We interrupt this stream of civic tech nerdery to bring you a few bits of news about Civic Commons, the organization. In short, I’m moving on (to join Tumblr), and Nick Grossman is moving up (to be Executive Director).

Since April, I’ve been serving as the start-up executive director for Civic Commons. When we kicked things off, the need for Civic Commons — an organization to encourage, build, tend, improve, document, and evangelize open source and shared technology projects for cities and other governments — had gelled out of a series of conversations among a fairly wide array of civic tech nerds, most importantly Jen Pahlka at Code for America and Nick Grossman at OpenPlans. Together with our beloved (and bethanked) launch funders at the Omidyar Network and the MacArthur Foundation, we put together a plan for Civic Commons as a joint initiative between Code for America and OpenPlans, but independent in its operations.

With their initial support, together with a significant project grant from the Knight Foundation, we launched Civic Commons in May, aiming at an core set of objectives that included providing technical assistance to cities seeking to contribute or use open-source tech; building a strong pipeline of open source civic software; expanding the scope, utility, and adoption of Open311 - an open standard for core gov’t – citizen communications; and building a powerful and disruptive (in a good way) online marketplace that catalogs the universe of civic technology, enables easy discovery of innovative low-cost/high-value options (and the communities and vendors that support them), fosters joint development of shared resources, and thereby dramatically lowers the cost of tech procurement and acquisition for government agencies of all shapes and sizes. In the seven months we’ve been at it, we’ve made excellent progress on each of those fronts.

So it’s now time for me to head back to the private sector. I’m joining Tumblr, an innovative company that to me embodies the best of what the Internet makes possible. I’ll be Tumblr’s Vice President, focusing on international growth and community building.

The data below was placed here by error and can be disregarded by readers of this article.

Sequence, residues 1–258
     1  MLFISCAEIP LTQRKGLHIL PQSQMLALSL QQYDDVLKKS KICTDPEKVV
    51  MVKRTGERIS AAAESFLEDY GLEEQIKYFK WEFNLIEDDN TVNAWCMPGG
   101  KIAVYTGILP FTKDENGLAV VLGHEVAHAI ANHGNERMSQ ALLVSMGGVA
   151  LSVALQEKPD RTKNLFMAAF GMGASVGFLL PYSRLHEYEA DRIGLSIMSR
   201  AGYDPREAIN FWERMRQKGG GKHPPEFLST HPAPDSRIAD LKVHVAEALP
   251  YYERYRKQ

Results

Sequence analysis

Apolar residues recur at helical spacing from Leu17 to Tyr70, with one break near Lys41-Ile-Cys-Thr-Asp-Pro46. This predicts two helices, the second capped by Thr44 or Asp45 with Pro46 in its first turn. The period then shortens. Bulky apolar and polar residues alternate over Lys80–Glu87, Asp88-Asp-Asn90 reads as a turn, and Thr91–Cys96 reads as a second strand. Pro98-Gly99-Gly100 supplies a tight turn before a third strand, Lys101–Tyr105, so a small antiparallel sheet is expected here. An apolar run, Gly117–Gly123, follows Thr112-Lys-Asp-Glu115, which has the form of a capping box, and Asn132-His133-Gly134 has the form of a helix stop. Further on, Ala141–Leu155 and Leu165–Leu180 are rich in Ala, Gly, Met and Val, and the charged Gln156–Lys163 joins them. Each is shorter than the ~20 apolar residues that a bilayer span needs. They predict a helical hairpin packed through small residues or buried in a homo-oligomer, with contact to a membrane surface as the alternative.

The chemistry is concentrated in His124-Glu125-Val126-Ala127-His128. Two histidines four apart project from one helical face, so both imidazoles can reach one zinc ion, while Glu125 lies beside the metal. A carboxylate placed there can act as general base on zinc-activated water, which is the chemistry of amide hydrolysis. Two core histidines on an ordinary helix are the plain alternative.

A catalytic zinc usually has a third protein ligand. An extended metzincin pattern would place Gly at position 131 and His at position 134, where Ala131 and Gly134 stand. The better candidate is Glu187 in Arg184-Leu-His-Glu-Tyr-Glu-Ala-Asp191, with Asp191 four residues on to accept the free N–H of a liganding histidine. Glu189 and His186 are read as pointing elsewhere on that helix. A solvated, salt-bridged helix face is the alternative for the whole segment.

I’m pleased to announce that the new Executive Director of Civic Commons is Nick Grossman. Nick is a brilliant, energetic, and thoughtful leader with deep experience in, and infectious enthusiasm for, civic technology, government innovation, open data and open standards, and collaborative software development. Nick is the ideal person to lead Civic Commons beyond the launch phase and into an era of sustained, high-leverage, globally-significant projects like the Civic Commons Marketplace.

Over this past half-year, I have been privileged to work with Nick, the amazingly great open source guru Karl Fogel, the peerless Open311 wizard Philip Ashlock, and our incredible Code for America fellows Jeremy Canfield and Michelle Koeth, along with my indispensable partners at Code for America — Jen Pahlka, Abhi Nemani, and Meghan Reilly. Rowdy thanks to each of you: Your work to bring transformative technology to government and civic life is one of the most exciting things on the planet right now.

Finally, I’ll just note that I’m not disappearing from the scene. I’m going to remain active as a member of the Code for America board, doing everything I can to ensure that Civic Commons gets the participation (and the resources) it needs to do its enormously important work, here in the U.S. and around the world.

About Andrew McLaughlin

Board of Directors, Code for America. Lecturer, Stanford Law School. [And Ex-X: Ex-White House. Ex-Google. Ex-ICANN. Ex-Berkman. Ex-vegetarian. Ex-Xbox.]
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  • Rebecca Mackinnon

    Congratulations Andrew!!!! Check out Global Voices’ Tumblr page: Fabulous to know you’ll be spearheading international community engagement.

  • Anonymous

    We are look forward to working with Nick and the whole Civic Commons crew. Good luck Andrew,

  • Nick Grossman

    Likewise; thanks Steven!

  • Joe Cooper

    “Ex-vegetarian,”  see, what the smell of a good beef steak can really do!